Writing Your First Objective
Let’s Start Writing
Ok, everyone… open up that notebook, grab a pen and paper, pull up that empty Word document – however you brainstorm best – it’s time to apply what we’ve been talking about. Now we’re going to get some Objectives out and into the world.
Before we begin, let me just reiterate that OKRs are meant to be written, rewritten and even completely scrapped if they’re not working for you. So while beginning anything from scratch can be daunting, it’s all just part of an ongoing process. Let’s begin!
Consider Your North Star
As we’ve talked about, Objectives come from, and are inspired by, your mission. The mission is usually the big, pie-in-the-sky thing that everyone is working together to achieve. And Objectives are the goals that are the most important things you need to do to achieve that mission. They’re the rallying cries for your team for the next cycle. John and I sometimes refer to your most top-level Objective as your team’s “North Star.”
So, take a moment and jot down your team’s North Star. It’s usually the first, biggest step you can take.
Consider the company Allbirds. They have a mission to make better, eco-friendly footwear. Or, as they say it, “Make better stuff in a better way.” To get there, their top-level Objective is to have the lowest carbon footprint in their industry.
TO DO: Identify a North Star, or top-level Objective, to guide you.
Gather Your Priorities
To brainstorm a bit more and fill out a list of possible Objectives, let’s zero in on the things that are most pressing for the next 30-90 days. Whenever I’m doing this, I ask myself the following questions:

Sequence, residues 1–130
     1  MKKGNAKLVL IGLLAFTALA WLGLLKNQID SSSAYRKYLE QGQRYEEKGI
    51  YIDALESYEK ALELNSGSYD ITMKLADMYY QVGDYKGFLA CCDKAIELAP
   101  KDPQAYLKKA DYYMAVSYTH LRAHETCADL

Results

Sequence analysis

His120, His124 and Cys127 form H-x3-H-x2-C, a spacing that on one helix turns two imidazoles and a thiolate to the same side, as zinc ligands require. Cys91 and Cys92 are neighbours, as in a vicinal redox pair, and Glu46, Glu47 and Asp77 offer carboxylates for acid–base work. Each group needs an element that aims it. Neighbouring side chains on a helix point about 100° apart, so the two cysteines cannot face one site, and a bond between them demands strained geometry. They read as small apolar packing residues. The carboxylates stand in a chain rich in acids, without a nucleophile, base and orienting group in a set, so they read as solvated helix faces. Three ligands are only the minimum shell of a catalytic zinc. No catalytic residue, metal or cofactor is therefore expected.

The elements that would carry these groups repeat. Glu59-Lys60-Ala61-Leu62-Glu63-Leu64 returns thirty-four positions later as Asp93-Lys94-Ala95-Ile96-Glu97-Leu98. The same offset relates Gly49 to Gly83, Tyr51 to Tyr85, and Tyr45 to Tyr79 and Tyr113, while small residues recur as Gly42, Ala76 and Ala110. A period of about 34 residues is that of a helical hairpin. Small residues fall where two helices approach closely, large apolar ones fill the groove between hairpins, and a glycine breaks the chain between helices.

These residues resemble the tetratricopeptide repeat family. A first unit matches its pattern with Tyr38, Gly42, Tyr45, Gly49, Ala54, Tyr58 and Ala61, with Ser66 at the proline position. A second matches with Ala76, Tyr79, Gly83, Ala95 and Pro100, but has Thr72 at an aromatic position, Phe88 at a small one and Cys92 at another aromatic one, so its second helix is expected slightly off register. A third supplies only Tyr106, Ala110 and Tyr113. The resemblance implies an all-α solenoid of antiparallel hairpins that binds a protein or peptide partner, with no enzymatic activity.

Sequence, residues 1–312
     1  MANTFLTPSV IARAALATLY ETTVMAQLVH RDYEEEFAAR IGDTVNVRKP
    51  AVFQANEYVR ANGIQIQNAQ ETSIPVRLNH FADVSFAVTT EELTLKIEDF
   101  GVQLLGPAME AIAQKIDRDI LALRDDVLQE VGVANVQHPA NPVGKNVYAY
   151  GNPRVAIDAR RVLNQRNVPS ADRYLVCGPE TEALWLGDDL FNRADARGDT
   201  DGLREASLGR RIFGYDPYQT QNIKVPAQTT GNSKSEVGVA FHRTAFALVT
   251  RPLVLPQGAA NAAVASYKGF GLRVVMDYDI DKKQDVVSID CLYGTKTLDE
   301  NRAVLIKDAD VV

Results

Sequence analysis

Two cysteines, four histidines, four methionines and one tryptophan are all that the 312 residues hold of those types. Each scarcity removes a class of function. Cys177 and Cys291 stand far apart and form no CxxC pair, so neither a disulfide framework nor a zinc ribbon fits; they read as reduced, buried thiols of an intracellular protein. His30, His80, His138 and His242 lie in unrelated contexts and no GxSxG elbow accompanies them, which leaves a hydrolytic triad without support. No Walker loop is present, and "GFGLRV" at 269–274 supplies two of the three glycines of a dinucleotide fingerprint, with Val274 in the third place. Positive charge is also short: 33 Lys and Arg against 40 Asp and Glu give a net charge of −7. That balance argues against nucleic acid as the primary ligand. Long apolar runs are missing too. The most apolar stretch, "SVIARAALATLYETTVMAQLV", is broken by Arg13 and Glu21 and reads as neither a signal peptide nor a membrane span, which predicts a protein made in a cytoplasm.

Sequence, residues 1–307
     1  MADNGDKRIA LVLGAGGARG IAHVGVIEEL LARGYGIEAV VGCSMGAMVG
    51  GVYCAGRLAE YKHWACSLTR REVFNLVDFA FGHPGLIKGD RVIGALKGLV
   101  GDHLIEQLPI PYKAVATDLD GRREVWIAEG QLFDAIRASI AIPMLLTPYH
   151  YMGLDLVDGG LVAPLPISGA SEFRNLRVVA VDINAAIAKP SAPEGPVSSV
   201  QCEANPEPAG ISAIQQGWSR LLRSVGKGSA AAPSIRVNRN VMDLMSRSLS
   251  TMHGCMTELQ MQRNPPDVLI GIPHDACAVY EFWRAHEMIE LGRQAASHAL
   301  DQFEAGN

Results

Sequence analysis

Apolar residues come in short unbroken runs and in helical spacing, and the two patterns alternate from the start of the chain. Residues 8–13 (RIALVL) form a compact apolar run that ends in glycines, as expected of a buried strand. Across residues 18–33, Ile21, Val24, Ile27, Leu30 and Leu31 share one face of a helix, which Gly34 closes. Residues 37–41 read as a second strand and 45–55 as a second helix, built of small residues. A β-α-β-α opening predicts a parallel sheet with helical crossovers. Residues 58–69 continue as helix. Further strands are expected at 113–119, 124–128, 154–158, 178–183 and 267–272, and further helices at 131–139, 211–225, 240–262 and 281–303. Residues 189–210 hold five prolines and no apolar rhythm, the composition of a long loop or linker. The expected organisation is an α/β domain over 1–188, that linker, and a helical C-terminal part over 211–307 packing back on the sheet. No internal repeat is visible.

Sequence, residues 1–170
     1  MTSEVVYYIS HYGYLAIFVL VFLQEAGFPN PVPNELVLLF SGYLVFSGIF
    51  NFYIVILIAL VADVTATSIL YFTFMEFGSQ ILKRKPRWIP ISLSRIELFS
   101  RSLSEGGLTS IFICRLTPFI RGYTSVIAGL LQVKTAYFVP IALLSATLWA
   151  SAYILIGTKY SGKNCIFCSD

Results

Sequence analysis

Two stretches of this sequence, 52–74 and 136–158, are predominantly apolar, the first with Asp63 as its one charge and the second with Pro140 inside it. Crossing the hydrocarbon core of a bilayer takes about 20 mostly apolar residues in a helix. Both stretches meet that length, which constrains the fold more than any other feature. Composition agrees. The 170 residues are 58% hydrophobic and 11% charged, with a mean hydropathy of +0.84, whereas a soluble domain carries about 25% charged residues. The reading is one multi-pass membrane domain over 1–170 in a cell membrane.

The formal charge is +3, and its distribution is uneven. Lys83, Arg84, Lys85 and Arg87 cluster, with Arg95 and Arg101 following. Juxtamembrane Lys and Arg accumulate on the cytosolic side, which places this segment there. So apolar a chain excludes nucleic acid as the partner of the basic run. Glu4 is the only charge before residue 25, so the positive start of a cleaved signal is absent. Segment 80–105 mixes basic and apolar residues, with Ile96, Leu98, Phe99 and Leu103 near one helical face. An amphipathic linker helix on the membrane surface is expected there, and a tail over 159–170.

- What are the most important things that we need to get done?
- What do we need to start doing or changing?
- What does success look like?
TO-DO: Using the questions above, brainstorm a list of possible Objectives. If you write more than five, narrow it down to the most important three for now.
Check Your Work
Ok! Now that we’ve got some Objectives on paper, let’s just run them through a few checks to make sure that we’re starting off in the best position possible!
Are you wondering if your Objectives are good? See if you can confidently say these statements about all the Objectives you wrote:
- My Objective describes meaningful change from where we are now. Not quite there? Try stretching beyond “business as usual” for your team. An Objective should be audacious enough to describe real growth without being totally unrealistic.
- My Objective is concise and uses simple language. It will inspire my team. Not quite there? Try shedding some words and boiling down the sentence to the most essential parts. Memorable Objectives are inspiring Objectives!
TO-DO: Check your Objectives against the spot-checks above. Adjust them if they’re not passing the test.
Alright! How did you do? We always encourage sharing your Objectives with others for feedback. Now’s a great time to talk these over with a peer or manager.
Looking for more inspiration? Jordan and Lisa are here with an example you can follow along with to go deep on what the thought process looks like for writing great Objectives:
Additional Resources & Further Reading
Connecting Purpose and Profit